HC Deb 08 May 1970 vol 801 cc778-83

Amendment made: No. 21, in page 2, line 37, leave out from beginning to end of line 10 on page 3 and insert: 'acquire' includes hire; 'send ' includes deliver, and sender' shall be construed accordingly; 'unsolicited ' means, in relation to goods sent to any person, that they are sent without any prior request made by him or on his behalf.

Mr. Arthur Davidson

I beg to move Amendment No. 23, in page 3, line 10, at end insert: (2) For the purposes of this Act any invoice or similar document stating the amount of any payment, and not stating as prominently (or more prominently) that no claim is made to the payment, shall be regarded as asserting a right to the payment.

1.45 p.m.

As the Bill stands, the provisions of Clause 2(1) of the draft directory clauses relate to demands for payment. The purpose of the Amendment is to extend the criminal provision to cover communications which, though not specifically making a demand or asserting a right, nevertheless state the amount of a payment in such a way as to make that payment appear to be required. The most obvious example of such a communication is the simple invoice. In theory, this is merely a list of the designation and prices of goods despatched. However, most people regard an invoice as a demand for payment.

The ignorance and innocence of the public has been exploited by various firms, particularly in regard to trade directories. They send out documents marked "invoice" in the hope that recipients will assume that they are a demand for payment for entries in the directory which they think have already been ordered and will pay up. The purpose of the Amendment is to make sure that firms are not able to get round the provisions of the Bill.

Amendment agreed to.

Mr. Blaker

I beg to move Amendment No. 24, in page 3, line 10 at end insert: (2) Where a person offers to send goods without obligation to the recipient the acceptance of such offer shall not be deemed a request for the purposes of this section.

Mr. Deputy Speaker

With this Amendment, it might be convenient to take Amendment No. 26, in line 23 at end insert: (4) Where a person offers to send goods without obligation to the recipient the acceptance of such offer shall not be deemed a request or order for the purposes of the definition of unsolicited goods contained in subsection (1) of this section.

Mr. Blaker

This Amendment proposes that where a person offers to send goods without obligation to the recipient the acceptance of that offer shall not be deemed a request for the purposes of this Clause.

This arises out of a case which has been brought to my notice and which might have wider implications. It concerns a company in the wine and spirit trade, and, to explain it, perhaps I might read an extract from a letter which I have received. The writer said: A lady rang a member of our staff and asked him if he would like to have, without obligation, a survey of the wine and spirit industry He replied that he would, and the enclosed survey was sent with a rather tatty letter telling one that to become a subscribed one need only keep the survey for 14 days … Today an invoice was received …I rang the company concerned and spoke to a woman who was difficult about the whole matter, and, to say the least, unsatisfactory. The writer explains that the alleged survey enclosed was worthless, that it contained only information which is all available from Companies House about details relating to various companies engaged in the wine and spirit trade, that the invoice which he received after he received the alleged survey asked for a payment of £ 26, and that all the information in the alleged survey could have been obtained for a fee of something like £ 1 by a search in the Companies Registry.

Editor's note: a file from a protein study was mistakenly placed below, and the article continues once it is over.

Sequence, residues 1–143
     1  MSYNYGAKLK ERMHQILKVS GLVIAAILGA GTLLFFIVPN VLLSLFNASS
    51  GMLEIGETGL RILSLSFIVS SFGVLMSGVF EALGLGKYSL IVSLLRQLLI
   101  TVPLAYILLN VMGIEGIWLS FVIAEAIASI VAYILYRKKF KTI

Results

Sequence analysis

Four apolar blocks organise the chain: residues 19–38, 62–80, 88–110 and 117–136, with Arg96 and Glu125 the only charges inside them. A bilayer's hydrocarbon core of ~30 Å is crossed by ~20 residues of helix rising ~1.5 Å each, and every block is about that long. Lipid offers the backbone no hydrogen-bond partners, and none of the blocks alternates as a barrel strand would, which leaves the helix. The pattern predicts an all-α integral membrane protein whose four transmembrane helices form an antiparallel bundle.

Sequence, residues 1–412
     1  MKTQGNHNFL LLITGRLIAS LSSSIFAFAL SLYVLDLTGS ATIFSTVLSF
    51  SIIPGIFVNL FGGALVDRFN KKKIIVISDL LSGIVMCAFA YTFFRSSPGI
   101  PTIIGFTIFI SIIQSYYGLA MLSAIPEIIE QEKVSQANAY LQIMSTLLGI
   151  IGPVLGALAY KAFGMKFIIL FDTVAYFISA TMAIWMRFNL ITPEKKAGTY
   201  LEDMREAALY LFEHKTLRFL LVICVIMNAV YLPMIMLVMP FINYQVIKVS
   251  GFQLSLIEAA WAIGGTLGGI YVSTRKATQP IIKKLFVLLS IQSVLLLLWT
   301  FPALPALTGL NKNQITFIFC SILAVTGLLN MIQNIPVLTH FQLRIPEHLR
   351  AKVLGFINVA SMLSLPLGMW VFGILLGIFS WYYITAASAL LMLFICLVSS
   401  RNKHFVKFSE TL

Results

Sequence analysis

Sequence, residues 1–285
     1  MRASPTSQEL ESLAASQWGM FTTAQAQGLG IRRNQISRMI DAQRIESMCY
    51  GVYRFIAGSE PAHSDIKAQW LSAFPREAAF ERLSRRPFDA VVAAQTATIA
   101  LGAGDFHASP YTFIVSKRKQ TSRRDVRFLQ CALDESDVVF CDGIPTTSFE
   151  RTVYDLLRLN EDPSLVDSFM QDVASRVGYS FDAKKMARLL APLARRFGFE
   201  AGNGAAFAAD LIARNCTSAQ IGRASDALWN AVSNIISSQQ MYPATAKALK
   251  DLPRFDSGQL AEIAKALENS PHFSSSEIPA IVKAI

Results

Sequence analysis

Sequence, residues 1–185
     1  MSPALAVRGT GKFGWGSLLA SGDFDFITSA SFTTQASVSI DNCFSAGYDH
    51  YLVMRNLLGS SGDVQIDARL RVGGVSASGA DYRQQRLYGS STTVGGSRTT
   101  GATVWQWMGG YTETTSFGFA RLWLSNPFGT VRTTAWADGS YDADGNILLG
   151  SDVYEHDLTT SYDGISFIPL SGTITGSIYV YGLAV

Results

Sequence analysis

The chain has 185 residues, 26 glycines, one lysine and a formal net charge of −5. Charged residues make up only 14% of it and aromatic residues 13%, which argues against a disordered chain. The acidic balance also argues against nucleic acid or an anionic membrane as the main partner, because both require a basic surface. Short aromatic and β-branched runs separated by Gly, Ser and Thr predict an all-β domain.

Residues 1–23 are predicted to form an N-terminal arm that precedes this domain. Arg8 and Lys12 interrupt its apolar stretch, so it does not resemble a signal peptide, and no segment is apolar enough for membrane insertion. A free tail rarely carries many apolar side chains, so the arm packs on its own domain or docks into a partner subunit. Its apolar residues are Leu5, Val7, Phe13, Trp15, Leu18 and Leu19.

The point is that the sending of the survey was preceded by a telephone call which asked if the recipient would like to receive without obligation a survey of the wine and spirit trade. As the Bill now stands, I believe that this would not be caught. The reply given by the employee of the recipient company saying that the company would like the survey would take it out of the new version of Clause 3 which deals with interpretation. That new version says that "unsolicited" means, in relation to goods sent to any person, that they are sent without any prior request made by him or on his behalf. It is clear in the case that I have cited that there was a request, even if it was only a request stimulated by a telephone call.

It appears to me that the case which has been drawn to my attention may reveal a loophole in this Measure. We are all aware that the people who perpetrate the practices that we want to stop will be alive to any possible loopholes when this Bill becomes law, and we must anticipate any possible loopholes if we can.

I ask myself whether it is possible that inertia selling companies may see the possibility of resorting to the telephone and making it a practice to contact people who are not well versed in the way of business and a knowledge of their rights, who probably are anxious to meet genuine debts and become worried if they are presented with a demand for payment as they have always been brought up to meet their obligations as they become due.

I do not stick rigidly to my choice of words. I am anxious to get across the point that, unless we adopt an Amendment of this kind, it will become the practice of firms engaged in this sort of business to inquire on the telephone whether a recipient would like to have a certain object without obligation.

Mr. Weitzman

How can the hon. Gentleman's words be construed in this way? If a firm offers to send goods without obligation and that offer is accepted, there cannot be any right or duty in the way of something owing to the person who makes the offer. He says "without obligation".

Mr. Blaker:

The hon. and learned Gentleman has made a point with which I cannot disagree. However, the practice of inertia selling is concerned with cases where people are sent goods without any obligation to pay for them. There may be other obligations, but, under existing law, they are not obliged to pay for the goods. We have been discussing this Bill with a view to protecting people who may be unaware of the full extent of their rights under existing law. If everyone understood his rights, inertia selling would pose no problem. While I see the hon. and learned Gentleman's point, it does not affect my argument.